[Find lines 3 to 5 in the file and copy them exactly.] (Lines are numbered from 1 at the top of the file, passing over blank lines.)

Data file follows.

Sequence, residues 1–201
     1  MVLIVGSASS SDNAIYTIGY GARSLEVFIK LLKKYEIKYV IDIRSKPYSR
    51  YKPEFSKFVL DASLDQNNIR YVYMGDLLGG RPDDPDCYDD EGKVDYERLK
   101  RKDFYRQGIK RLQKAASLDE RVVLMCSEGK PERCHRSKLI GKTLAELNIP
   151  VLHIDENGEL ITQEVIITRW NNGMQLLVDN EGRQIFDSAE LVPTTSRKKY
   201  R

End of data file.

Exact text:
    51  YKPEFSKFVL DASLDQNNIR YVYMGDLLGG RPDDPDCYDD EGKVDYERLK
   101  RKDFYRQGIK RLQKAASLDE RVVLMCSEGK PERCHRSKLI GKTLAELNIP
   151  VLHIDENGEL ITQEVIITRW NNGMQLLVDN EGRQIFDSAE LVPTTSRKKY